NOW WE KNOW — “Forever young, I want to be forever young.” Getting older has its upside, but it’s also a bummer. And to add to it, aging is portrayed negatively in popular music, a study published in the Journal of Advanced Nursing found. Most popular music is “generated from a young person’s perspective and their imaginings of old age,” the study found.

WE'D LOVE TO HEAR FROM YOU: This roundup is for you, so please tell us how we can make it even better. Send tips, news, ideas, calendar items, releases, promotions, job postings, birthdays, congratulations, criticisms and corrections to

ONE-STOP SHOP — There’s a vending machine inside Sunshine Laundromat and Pinball in Greenpoint that supplies more than just candy. It also contains some family planning tools: pregnancy tests, personal lubricant and the morning after pill. DNAinfo reports that owner Rose made the new additions for entertainment reasons.

DE BLASIO TO COOPERATE WITH U.S. ATTORNEY — Mayor Bill de Blasio said Thursday his administration stands ready to cooperate with the federal government in an investigation into the New York City Housing Authority over the potential of elevated lead levels in residents’ blood and other unsafe or unsanitary conditions.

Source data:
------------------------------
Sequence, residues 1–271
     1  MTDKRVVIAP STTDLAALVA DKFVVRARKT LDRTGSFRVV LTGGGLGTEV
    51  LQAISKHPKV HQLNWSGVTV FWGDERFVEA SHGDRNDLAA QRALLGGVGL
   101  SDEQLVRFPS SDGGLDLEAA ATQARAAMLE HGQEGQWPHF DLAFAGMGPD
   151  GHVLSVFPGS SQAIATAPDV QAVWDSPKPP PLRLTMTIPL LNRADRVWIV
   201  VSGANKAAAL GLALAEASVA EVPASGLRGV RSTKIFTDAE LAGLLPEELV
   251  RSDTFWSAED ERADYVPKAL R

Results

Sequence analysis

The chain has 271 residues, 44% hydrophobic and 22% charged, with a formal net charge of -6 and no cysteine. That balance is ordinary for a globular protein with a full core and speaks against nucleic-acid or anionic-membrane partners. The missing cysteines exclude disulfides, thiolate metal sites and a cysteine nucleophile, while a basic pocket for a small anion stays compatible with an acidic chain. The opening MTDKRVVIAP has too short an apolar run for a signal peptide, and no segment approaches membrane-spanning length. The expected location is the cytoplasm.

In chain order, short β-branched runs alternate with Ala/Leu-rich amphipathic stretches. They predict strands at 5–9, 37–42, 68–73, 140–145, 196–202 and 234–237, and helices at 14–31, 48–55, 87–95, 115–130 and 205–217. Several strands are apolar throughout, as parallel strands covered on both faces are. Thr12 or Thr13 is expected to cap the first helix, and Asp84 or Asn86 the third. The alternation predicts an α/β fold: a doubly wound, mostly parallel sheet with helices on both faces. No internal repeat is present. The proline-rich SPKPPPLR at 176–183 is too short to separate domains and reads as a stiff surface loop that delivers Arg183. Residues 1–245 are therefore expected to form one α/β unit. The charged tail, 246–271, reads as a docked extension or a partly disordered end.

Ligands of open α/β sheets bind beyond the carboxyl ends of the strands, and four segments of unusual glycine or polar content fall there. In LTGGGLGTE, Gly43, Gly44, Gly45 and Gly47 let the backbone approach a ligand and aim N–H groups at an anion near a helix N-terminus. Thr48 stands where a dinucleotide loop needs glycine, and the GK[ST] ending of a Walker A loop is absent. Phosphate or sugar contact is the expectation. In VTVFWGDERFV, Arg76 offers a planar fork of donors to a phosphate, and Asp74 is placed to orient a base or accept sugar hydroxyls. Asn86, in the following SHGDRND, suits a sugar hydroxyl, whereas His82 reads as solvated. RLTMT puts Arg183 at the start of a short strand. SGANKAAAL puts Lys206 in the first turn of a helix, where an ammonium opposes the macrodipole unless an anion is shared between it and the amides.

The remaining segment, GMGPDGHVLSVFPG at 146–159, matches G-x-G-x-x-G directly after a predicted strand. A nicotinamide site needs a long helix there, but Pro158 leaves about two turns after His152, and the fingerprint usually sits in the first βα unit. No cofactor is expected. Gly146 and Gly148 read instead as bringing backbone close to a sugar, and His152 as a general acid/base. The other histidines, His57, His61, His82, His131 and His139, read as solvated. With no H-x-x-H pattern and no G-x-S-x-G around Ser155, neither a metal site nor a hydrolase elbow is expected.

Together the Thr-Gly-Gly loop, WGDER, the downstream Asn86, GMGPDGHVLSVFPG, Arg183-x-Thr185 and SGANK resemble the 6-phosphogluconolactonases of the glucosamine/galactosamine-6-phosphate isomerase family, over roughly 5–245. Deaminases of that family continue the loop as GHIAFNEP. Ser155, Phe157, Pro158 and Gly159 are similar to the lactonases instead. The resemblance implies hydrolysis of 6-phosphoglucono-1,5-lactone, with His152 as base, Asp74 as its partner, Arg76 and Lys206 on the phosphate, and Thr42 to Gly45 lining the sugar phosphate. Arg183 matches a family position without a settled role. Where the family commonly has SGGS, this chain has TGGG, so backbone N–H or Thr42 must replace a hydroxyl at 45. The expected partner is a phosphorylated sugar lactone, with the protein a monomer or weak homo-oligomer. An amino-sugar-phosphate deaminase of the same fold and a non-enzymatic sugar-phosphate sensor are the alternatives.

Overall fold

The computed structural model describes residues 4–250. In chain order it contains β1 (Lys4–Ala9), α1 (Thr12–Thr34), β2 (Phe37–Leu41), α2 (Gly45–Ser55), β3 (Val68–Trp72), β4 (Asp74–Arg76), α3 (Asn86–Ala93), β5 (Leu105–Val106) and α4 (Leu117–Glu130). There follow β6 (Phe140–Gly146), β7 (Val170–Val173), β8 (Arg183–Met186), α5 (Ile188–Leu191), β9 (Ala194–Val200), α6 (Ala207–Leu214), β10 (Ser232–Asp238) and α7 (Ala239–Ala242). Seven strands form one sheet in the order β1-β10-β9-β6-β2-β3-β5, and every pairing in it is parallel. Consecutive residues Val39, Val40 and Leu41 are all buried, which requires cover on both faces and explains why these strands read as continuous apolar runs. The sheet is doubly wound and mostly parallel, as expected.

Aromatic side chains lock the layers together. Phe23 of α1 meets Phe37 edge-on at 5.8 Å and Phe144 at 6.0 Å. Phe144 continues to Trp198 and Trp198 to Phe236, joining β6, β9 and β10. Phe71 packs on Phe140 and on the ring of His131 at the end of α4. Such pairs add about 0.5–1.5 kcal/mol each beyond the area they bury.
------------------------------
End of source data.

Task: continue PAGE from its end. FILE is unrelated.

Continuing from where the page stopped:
SOLD — Buffalo Business First reports: “Catholic Health has finalized the sale of two more adult homes in the region, completing a three-home deal with a group of Long Island nursing home investors.”

SETTLED — The Feinstein Institute for Medical Research on Thursday agreed to pay the U.S. Department of Health and Human Services' Office for Civil Rights $3.9 million to settle potential HIPAA violations.

LONG-TERM CARE INSURANCE — Kaiser Health News reports: ”New Yorkers who bought long-term care insurance from Genworth Financial Inc. … were hit with a 60-percent premium increase in October.

PRIZED — The Feinstein Institute for Medical Research awarded Dr. Charles Serhan, director of the Center for Experimental Therapeutics and Reperfusion Injury at Brigham and Women's Hospital, the fourth annual Ross Prize in molecular medicine. The Ross Prize comes with $50,000.

COMING ATTRACTIONS — The Icahn School of Medicine at Mount Sinai is hosting a Match Day party from noon to 2 p.m. today at school’s Annenberg West Lobby.

...Members of the New York State Nurses Association will rally today at St. Elizabeth Medical Center in Utica, Oneida Healthcare in Oneida and Samaritan Medical Center in Watertown.